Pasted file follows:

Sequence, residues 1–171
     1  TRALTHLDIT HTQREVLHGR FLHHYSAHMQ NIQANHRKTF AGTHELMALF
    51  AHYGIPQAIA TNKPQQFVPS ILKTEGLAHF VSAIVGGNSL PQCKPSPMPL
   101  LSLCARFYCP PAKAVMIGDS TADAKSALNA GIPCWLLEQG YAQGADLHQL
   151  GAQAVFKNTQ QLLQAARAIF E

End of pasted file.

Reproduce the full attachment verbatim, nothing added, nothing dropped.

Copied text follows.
Sequence, residues 1–171
     1  TRALTHLDIT HTQREVLHGR FLHHYSAHMQ NIQANHRKTF AGTHELMALF
    51  AHYGIPQAIA TNKPQQFVPS ILKTEGLAHF VSAIVGGNSL PQCKPSPMPL
   101  LSLCARFYCP PAKAVMIGDS TADAKSALNA GIPCWLLEQG YAQGADLHQL
   151  GAQAVFKNTQ QLLQAARAIF E